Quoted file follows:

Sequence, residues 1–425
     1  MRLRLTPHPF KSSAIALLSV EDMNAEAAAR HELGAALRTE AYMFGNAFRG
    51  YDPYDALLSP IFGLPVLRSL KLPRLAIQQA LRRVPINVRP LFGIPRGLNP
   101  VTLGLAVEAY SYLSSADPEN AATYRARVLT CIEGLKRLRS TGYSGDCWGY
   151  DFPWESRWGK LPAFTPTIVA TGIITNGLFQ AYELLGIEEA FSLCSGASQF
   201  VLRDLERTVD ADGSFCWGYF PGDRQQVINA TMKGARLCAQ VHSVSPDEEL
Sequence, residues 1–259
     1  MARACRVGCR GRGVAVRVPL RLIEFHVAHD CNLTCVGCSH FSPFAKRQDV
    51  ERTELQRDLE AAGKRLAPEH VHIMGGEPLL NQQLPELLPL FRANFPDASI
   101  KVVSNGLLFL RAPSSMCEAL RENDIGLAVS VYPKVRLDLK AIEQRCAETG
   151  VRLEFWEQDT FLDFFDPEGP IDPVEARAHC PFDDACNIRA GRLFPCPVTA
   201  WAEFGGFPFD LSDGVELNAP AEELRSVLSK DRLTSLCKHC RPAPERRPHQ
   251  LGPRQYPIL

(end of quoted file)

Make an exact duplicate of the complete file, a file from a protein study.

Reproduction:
Sequence, residues 1–425
     1  MRLRLTPHPF KSSAIALLSV EDMNAEAAAR HELGAALRTE AYMFGNAFRG
    51  YDPYDALLSP IFGLPVLRSL KLPRLAIQQA LRRVPINVRP LFGIPRGLNP
   101  VTLGLAVEAY SYLSSADPEN AATYRARVLT CIEGLKRLRS TGYSGDCWGY
   151  DFPWESRWGK LPAFTPTIVA TGIITNGLFQ AYELLGIEEA FSLCSGASQF
   201  VLRDLERTVD ADGSFCWGYF PGDRQQVINA TMKGARLCAQ VHSVSPDEEL
Sequence, residues 1–259
     1  MARACRVGCR GRGVAVRVPL RLIEFHVAHD CNLTCVGCSH FSPFAKRQDV
    51  ERTELQRDLE AAGKRLAPEH VHIMGGEPLL NQQLPELLPL FRANFPDASI
   101  KVVSNGLLFL RAPSSMCEAL RENDIGLAVS VYPKVRLDLK AIEQRCAETG
   151  VRLEFWEQDT FLDFFDPEGP IDPVEARAHC PFDDACNIRA GRLFPCPVTA
   201  WAEFGGFPFD LSDGVELNAP AEELRSVLSK DRLTSLCKHC RPAPERRPHQ
   251  LGPRQYPIL